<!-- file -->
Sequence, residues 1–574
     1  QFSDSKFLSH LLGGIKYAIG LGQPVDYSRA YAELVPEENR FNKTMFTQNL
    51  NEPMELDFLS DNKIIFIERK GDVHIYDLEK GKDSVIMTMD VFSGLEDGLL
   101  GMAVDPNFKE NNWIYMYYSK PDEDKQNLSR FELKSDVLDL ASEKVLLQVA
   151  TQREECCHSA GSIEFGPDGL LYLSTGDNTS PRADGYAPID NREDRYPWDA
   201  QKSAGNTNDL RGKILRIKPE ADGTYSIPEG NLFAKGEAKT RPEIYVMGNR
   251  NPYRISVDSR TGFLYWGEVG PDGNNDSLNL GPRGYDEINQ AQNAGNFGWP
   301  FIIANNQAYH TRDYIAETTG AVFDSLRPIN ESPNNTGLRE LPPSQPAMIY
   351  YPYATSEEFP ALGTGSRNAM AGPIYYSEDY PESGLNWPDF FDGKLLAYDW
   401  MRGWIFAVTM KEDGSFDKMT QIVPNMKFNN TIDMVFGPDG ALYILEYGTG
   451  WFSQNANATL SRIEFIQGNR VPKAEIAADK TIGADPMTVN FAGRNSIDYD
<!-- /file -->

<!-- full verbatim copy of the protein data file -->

Sequence, residues 1–574
     1  QFSDSKFLSH LLGGIKYAIG LGQPVDYSRA YAELVPEENR FNKTMFTQNL
    51  NEPMELDFLS DNKIIFIERK GDVHIYDLEK GKDSVIMTMD VFSGLEDGLL
   101  GMAVDPNFKE NNWIYMYYSK PDEDKQNLSR FELKSDVLDL ASEKVLLQVA
   151  TQREECCHSA GSIEFGPDGL LYLSTGDNTS PRADGYAPID NREDRYPWDA
   201  QKSAGNTNDL RGKILRIKPE ADGTYSIPEG NLFAKGEAKT RPEIYVMGNR
   251  NPYRISVDSR TGFLYWGEVG PDGNNDSLNL GPRGYDEINQ AQNAGNFGWP
   301  FIIANNQAYH TRDYIAETTG AVFDSLRPIN ESPNNTGLRE LPPSQPAMIY
   351  YPYATSEEFP ALGTGSRNAM AGPIYYSEDY PESGLNWPDF FDGKLLAYDW
   401  MRGWIFAVTM KEDGSFDKMT QIVPNMKFNN TIDMVFGPDG ALYILEYGTG
   451  WFSQNANATL SRIEFIQGNR VPKAEIAADK TIGADPMTVN FAGRNSIDYD